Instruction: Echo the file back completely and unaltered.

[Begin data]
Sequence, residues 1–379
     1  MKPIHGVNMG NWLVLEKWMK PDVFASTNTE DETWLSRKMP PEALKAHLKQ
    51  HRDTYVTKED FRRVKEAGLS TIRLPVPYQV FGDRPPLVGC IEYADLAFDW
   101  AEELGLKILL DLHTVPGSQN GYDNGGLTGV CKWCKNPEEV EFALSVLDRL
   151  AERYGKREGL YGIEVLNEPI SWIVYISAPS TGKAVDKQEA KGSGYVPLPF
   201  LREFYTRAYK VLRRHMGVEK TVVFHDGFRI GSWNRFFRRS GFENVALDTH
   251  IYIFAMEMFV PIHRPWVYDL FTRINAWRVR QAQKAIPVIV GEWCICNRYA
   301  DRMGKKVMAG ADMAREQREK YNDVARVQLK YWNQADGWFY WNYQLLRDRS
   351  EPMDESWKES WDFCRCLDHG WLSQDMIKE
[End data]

Sequence, residues 1–379
     1  MKPIHGVNMG NWLVLEKWMK PDVFASTNTE DETWLSRKMP PEALKAHLKQ
    51  HRDTYVTKED FRRVKEAGLS TIRLPVPYQV FGDRPPLVGC IEYADLAFDW
   101  AEELGLKILL DLHTVPGSQN GYDNGGLTGV CKWCKNPEEV EFALSVLDRL
   151  AERYGKREGL YGIEVLNEPI SWIVYISAPS TGKAVDKQEA KGSGYVPLPF
   201  LREFYTRAYK VLRRHMGVEK TVVFHDGFRI GSWNRFFRRS GFENVALDTH
   251  IYIFAMEMFV PIHRPWVYDL FTRINAWRVR QAQKAIPVIV GEWCICNRYA
   301  DRMGKKVMAG ADMAREQREK YNDVARVQLK YWNQADGWFY WNYQLLRDRS
   351  EPMDESWKES WDFCRCLDHG WLSQDMIKE